The last in Al Arabiya’s series on the reign of Egypt’s King Farouk examines his mark that the monarchy – and his entire royal dynasty – has left on the country today.
“Propaganda today is a powerful weapon, and in thirty days of ceaselessly flooding every newspaper, radio programme, and public speech with hatred against one man, almost anybody could be persuaded to believe him a villain,” former Egyptian monarch King Farouk wrote in his rarely-seen memoirs unearthed by Al Arabiya News.
The ex-king appeared to have been right. Unlike most monarchs, he holds the dubious award of having more literature written about his scandalous personal life than his reign.
To say that Egypt’s last king has a bad reputation would be an understatement. During the latter years of his reign, Western media painted him as an eccentric, corrupt, spineless, lecherous Nazi sympathizer who was possibly even mentally unstable.
Anecdotes of Farouk’s reign are endlessly compelling.
Recounting one famous incident, Time magazine, which referred to him as “Farouk the Foolish,” reported that he had had a series of nightmares about being eaten by lions. Troubled by these continual visions, Farouk drove to Cairo’s zoo and shot two lions in their enclosure.
British soldiers stationed in Egypt would sing unprintable songs about him and his glamorous first wife, Queen Farida. Even the CIA contemptuously referred to him though a not-so-subtle acronym “FF.”
Yet, as Winston Churchill was supposed to have said, history is written by the victors (the legendary British wartime leader himself may have relished his own home truth – Farouk, a self-confessed avid “collector” and horologist who also had the dubious reputation as a kleptomaniac, was said to have stolen Churchill’s beloved pocket watch.)
However, after half a century, with the Egyptian monarchy now a distant memory, separating fact from fiction is becoming ever harder.
Common perceptions of Farouk forged in the aftermath of the revolution are still in the popular mindset, with a lack of new emerging narratives to explain his reign, according to Robert Vitalis, a political science professor at the University of Pennsylvania.
“Ideas about him and the ancien régime got cemented in the aftermath of his overthrow,” said Vitalis.
The decadence of Farouk’s lifestyle is not uncharacteristic of other royal dynasties in the Middle East at the time, he added.
Farouk’s reputation – and that of the monarchy – has enjoyed a revival since 2007, when the Middle East Broadcasting Center (MBC), of which Al Arabiya is a subsidiary, released a 34-episode dramatization of Farouk’s life, entitled el-Malek Farouk.
The series portrays him in more of a positive light than in Western media, and led to a brief revival of monarchic nostalgia, perhaps largely out of dissatisfaction with the status quo of the era of former President Hosni Mubarak.
With Farouk’s son Fuad, the current royal pretender to the throne, still alive, is there any chance of a return of the monarchy, with Fuad at the helm?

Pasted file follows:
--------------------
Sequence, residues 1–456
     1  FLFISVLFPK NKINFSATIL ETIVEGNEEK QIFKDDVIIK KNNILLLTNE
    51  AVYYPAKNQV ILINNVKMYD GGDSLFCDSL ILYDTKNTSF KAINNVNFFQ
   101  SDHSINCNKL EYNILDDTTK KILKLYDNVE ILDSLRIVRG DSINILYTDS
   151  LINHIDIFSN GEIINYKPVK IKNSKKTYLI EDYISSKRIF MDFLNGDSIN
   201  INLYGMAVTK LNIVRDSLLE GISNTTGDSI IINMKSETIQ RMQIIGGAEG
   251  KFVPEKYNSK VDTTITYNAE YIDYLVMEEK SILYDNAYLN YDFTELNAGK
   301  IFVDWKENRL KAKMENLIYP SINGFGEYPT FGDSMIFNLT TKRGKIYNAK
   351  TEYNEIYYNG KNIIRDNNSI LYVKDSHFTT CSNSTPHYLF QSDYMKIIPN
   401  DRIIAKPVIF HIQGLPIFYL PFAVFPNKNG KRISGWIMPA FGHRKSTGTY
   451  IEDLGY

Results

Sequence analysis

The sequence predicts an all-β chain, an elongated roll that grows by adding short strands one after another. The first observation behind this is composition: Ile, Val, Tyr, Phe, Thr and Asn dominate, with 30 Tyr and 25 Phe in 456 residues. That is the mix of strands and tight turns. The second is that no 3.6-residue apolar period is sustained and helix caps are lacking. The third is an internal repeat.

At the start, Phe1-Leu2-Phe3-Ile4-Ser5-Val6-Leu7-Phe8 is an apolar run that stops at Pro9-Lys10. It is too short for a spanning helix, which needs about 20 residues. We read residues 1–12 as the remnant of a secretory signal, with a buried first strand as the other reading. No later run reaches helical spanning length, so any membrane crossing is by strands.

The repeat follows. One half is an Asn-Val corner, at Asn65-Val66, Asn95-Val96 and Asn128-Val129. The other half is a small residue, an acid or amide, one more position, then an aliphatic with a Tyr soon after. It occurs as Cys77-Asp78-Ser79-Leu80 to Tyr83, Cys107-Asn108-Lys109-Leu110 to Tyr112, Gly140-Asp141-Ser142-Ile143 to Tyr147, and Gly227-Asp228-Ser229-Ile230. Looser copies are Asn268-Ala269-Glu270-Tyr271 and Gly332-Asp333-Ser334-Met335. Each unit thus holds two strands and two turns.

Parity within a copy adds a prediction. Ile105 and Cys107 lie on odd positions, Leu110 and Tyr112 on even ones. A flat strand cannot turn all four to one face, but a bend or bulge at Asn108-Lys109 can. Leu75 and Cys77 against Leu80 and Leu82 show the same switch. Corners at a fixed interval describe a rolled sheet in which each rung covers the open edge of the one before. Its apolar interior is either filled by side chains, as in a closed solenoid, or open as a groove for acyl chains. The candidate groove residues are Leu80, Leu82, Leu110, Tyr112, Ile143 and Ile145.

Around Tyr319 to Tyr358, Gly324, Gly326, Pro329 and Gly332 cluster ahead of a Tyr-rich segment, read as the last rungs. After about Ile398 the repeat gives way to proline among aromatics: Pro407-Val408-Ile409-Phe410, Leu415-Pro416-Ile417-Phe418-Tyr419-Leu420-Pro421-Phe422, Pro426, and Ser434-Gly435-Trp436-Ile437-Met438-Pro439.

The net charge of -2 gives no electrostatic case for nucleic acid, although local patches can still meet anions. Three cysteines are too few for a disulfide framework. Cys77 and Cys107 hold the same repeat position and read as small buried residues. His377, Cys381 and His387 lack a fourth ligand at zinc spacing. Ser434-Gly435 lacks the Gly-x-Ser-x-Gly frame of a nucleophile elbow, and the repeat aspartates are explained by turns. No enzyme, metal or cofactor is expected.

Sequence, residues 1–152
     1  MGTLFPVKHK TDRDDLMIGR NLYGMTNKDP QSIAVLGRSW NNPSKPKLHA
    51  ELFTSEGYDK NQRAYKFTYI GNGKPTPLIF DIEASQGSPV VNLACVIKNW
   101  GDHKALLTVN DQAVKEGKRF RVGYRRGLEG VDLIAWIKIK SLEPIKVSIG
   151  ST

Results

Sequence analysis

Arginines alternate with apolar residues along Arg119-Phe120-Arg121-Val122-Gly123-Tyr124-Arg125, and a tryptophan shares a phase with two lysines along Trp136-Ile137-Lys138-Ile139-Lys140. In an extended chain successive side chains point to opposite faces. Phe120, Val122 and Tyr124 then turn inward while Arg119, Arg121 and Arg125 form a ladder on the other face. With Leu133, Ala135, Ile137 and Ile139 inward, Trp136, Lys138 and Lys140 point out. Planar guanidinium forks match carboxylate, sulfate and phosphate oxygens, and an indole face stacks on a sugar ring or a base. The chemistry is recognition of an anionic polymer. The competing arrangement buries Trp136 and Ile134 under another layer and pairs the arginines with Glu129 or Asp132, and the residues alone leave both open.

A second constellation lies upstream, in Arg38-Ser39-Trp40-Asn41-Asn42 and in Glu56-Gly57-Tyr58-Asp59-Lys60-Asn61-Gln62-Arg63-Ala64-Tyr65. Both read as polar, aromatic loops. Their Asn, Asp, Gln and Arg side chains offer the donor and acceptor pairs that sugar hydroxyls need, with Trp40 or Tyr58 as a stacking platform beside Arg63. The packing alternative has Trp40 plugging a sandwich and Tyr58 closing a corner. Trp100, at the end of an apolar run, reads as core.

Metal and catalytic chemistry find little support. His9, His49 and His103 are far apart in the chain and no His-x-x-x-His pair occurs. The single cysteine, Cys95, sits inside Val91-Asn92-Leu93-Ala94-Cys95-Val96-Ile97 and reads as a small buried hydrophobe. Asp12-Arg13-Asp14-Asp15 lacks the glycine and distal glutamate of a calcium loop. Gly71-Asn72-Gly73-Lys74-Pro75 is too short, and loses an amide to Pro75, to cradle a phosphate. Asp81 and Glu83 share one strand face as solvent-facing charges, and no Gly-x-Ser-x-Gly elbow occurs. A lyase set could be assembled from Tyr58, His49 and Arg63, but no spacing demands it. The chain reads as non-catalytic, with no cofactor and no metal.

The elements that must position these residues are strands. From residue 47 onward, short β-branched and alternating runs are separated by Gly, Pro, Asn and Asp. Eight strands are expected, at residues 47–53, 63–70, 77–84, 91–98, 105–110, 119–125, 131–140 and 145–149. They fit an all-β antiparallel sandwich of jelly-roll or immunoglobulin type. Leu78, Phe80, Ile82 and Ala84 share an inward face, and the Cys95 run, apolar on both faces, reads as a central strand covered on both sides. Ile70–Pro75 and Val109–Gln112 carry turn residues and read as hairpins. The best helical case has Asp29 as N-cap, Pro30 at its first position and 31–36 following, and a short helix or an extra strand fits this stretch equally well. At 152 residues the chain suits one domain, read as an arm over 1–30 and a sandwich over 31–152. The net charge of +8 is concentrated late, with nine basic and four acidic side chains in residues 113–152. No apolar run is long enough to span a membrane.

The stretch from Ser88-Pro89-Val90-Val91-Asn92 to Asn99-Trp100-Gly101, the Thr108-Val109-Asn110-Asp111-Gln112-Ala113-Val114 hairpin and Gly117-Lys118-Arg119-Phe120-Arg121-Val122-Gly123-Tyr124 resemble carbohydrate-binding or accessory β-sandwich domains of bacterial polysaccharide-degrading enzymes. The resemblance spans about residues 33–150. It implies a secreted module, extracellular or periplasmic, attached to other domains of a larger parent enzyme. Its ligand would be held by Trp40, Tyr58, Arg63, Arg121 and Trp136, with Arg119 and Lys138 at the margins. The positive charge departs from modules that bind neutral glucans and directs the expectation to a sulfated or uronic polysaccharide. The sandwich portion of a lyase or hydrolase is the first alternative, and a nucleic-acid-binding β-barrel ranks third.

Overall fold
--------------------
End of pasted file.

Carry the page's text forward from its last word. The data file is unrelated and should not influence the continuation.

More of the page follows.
After the uprising of Jan. 2011, some monarchists who were “convinced neither by the army nor by the Muslim Brotherhood” leaned towards the return of a kingdom and the foundation of a new royalist party, King Fuad’s spokesperson Maged Farag told Al Arabiya News.
“They wanted the reinstatement of a monarchy in Egypt after the failure of the republican regime in solving Egypt’s problems for the past 60 years,” Farag said, clarifying that the royalists wanted the return of the 1952 constitution.
In 2012, supporters of the monarchy submitted a request to the Political Parties Affairs Committee for the establishment of a new party called El-Hezb el-Malaki el-Destouri (The Constitutional Royalist Party).
“They submitted their demand at a time when forming parties in Egypt was a trend,” Farag said.
However, the party did not get approval from the committee, and its representatives “dropped the idea,” especially since they did not get the support of the king himself.
“Their party would’ve had no weight in Egypt’s political life, as King Fuad refused to take part in their party,” said Farag.
“Fuad is the king of all Egyptians. He can’t belong to a specific party as he’s just a figure to the country. It‘s the prime minister who [would] deal with the country’s issues,” Farag said.
The constitution, passed in January, stipulates that Egypt is a republic, making a monarchist party unconstitutional, Farag added.
At the time, the would-be party garnered support from around 5,000 Egyptians, the Egyptian news website Masress reported.
The existing appeal of the monarchy, though limited, will likely remain for some time, said Khaled Fahmy, a history professor at the American University of Cairo.
“Monarchies are glamorous by definition,” said Fahmy.
Nostalgia towards the monarchy could be linked to dissatisfaction with successive regimes. “The successive state, from 1952 onwards, is a failed state, in the sense that it hasn’t delivered,” Fahmy added.
To view the entire seven-part series, visit the King Farouk: The Forgotten Memoirs homepage.
- Al Arabiya to examine King Farouk’s forgotten memoirs
- The overthrow of Egypt’s King Farouk: a dramatic departure from power
- Did the Muslim Brotherhood overthrow Egypt’s King Farouk?
- Memoirs of Egypt’s King Farouk reveal lonely boyhood
- Egypt’s King Farouk: philanderer or family man?
- ‘Nasty, painful, depressing:’ King Farouk’s tragic royal romance
- King Farouk’s fabulous wealth